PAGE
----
His armies conquer Bajazet, ruler of Turkey, whom Tamburlaine takes from place to place in a cage, like a wild animal. In the second part Tamburlaine is pulled to Babylon in a carriage. It is drawn by two kings, whom he whips and curses when they do not go fast enough.
He shouts angrily: Can ye draw but A twenty miles a day? A only When they get tired, they are taken away to be hanged, and then two spare kings have to pull the carriage. Tamburlaine drives on to Babylon, and on arrival gives orders for all the people there to be drowned. His life is violent in other ways.
He cuts an arm to show his son that a wound is unimportant. He shouts for a map. Yet Marlowe's 'mighty line' fills the heart and satisfies the sense of beauty. It is usually powerful and effective, and it is not used only to describe violence. Marlowe discovered the splendid power of the sound of proper names: A fine " very c victory The Jew of Malta ? In it the governor of Malta taxes the Jews there, but Barabas, a rich Jew, refuses to pay. His money and house are therefore taken from him and in revenge he begins a life of violence.
He poisons his own daughter, Abigail, and causes her lover to die too. He helps the Turks when they attack Malta, and so they make him governor; but he decides to kill all the Turkish officers.
He arranges that the floor of a big The title page Oj Marlowe's Doctur Faustus showing Faustus being tempted by the Devil room can be made to fall suddenly, and then invites them to a meal in it.
He hopes thus to destroy them while they are eating, but an enemy makes his secret known, and he himself is thrown down below the floor into a vessel of boiling water. His last words are: Die, life!
Fly, soul! Tongue, curse thy fill and die! The language of The Jew of Malta is not always so fierce ; some- times the beauty of sound and rhythm 5 and again of proper names is very fine: A big ships B plant with sharp taste c move smoothly D Crete The softness of the last line suggests very well the quiet movement of a sailing ship in the old days. Faustus was probably acted in The play is based on the well-known story of a man Faustus who sold his soul to the devil so as to have power and riches in this life.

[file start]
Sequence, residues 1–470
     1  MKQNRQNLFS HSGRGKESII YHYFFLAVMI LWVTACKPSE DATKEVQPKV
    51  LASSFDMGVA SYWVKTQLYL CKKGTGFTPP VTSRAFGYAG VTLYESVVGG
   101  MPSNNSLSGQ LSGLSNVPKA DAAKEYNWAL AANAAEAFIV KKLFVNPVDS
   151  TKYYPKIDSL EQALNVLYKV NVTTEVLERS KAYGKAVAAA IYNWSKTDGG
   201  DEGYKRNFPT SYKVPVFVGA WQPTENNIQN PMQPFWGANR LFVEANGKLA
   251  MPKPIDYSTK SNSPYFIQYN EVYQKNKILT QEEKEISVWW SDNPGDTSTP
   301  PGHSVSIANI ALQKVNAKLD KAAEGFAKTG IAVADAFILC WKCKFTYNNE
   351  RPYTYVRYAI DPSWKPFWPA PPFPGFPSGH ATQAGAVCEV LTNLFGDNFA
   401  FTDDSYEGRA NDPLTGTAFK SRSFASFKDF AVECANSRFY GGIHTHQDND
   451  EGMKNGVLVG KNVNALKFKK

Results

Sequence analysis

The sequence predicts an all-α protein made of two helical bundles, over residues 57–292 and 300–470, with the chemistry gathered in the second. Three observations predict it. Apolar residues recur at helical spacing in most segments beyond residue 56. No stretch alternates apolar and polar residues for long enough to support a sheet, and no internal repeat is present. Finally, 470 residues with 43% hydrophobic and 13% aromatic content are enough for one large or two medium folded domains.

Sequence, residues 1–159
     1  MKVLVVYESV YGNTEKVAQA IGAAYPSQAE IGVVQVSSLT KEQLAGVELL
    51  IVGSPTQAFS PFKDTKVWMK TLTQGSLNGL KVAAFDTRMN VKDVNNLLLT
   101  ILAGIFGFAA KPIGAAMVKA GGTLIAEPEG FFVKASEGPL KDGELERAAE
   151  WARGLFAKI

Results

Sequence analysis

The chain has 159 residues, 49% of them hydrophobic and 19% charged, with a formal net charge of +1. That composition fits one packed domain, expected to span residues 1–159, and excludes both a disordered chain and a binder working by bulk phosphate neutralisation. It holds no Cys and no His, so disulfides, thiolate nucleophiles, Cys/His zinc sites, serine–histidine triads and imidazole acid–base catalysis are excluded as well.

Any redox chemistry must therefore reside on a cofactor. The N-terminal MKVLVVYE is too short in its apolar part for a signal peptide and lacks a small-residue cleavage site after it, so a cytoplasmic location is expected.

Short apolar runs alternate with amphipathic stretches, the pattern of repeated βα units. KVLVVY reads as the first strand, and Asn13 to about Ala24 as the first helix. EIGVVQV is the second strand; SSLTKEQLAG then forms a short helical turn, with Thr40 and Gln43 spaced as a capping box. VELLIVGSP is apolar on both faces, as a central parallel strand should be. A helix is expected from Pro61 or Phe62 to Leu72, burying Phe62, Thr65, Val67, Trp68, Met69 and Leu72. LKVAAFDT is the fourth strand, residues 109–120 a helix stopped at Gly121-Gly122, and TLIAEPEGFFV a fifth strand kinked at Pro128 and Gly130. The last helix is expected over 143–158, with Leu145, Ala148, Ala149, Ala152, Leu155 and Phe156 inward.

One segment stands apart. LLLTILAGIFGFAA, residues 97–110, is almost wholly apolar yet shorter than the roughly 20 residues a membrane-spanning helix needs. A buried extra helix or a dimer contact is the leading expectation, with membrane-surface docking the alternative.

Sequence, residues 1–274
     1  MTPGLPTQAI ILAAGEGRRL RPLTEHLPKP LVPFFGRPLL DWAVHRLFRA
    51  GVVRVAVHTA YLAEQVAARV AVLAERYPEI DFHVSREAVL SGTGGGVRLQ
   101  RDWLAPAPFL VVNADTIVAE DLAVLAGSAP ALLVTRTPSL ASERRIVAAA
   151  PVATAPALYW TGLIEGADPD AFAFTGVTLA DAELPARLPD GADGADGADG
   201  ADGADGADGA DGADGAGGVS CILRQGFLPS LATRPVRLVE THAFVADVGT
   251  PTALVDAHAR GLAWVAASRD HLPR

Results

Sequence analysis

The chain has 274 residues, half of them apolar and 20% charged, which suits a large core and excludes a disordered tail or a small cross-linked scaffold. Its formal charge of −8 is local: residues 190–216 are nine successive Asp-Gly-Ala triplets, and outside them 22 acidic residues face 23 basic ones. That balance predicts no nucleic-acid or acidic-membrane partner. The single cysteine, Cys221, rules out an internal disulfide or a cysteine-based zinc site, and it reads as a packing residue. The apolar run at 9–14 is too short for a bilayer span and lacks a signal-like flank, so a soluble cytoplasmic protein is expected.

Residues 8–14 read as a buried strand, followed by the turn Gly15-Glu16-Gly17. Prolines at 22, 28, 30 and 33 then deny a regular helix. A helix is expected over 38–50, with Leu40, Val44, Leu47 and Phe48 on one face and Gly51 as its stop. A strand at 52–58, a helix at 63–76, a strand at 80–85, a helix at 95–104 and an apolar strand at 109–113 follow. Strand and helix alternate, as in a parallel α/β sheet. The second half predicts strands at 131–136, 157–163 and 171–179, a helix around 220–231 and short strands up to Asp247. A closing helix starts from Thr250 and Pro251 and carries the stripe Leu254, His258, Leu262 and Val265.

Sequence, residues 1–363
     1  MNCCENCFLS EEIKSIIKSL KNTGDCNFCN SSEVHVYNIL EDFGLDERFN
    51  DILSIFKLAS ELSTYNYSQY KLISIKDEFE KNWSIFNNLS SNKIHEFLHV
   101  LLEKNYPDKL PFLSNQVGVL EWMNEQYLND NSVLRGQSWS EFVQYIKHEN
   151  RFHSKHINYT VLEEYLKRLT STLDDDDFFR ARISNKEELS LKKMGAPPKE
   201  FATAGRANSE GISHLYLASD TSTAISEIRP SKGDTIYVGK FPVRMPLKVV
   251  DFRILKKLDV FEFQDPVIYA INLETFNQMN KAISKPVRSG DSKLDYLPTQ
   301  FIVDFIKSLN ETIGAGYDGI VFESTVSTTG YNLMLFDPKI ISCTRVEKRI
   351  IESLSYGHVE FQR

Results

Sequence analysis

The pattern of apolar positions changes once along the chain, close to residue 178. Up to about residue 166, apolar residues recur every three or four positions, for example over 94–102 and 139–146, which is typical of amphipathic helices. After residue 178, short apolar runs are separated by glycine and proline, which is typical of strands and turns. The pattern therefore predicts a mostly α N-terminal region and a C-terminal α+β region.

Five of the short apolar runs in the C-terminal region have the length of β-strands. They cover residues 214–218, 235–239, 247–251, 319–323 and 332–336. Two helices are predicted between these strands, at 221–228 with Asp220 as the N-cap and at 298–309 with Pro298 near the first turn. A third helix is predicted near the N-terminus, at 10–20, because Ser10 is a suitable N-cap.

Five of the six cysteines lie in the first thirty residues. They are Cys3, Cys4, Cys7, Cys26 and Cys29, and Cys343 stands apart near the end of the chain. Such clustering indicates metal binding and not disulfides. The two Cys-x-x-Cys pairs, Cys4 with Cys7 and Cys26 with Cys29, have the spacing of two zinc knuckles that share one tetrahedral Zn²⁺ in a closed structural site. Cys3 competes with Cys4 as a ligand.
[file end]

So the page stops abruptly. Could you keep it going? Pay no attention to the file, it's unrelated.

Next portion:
Marlowe's Faustus agrees to give his soul to the devil, Mephistopheles, in return for twenty-four years of splendid life. During these years the devil must serve him and give him what he wants. The end of the play, when death is near and Faustus is filled with fear, is a highlight of terrible description.
One of the things that Faustus orders the devil to do for him is to bring back from the dead the beautiful Helen of Troy, the cause of the Trojan war. When Faustus sees her, his delight escapes from his lips in these words: Was this the face that launched A a thousand ships And burnt the topless towers of Ilium B? Sweet Helen, make me immortal with a kiss. Kisses her. Her lips suck forth my soul; see where it flies!
Come, Helen, come! Give me my soul again O, thou art fairer than the evening air, Clad D in the beauty of a thousand stars. A sent forth B Troy c undying D clothed Such beautiful language is very different from the rough verse of Gorboduc.
Marlowe's Edward the Second , perhaps his best play, deals with English history. It is possible that he helped Shakespeare with the writing of parts of Henry the Sixth and other early plays. Certainly Marlowe's writing set an example for other dramatists in the great Elizabethan age in two important ways: When Shakespeare added to these his own mastery of plot 6 and his human sympathy, the drama reached its greatest heights. Marlowe was killed in a quarrel at a Thames-side inn before he was thirty years of age.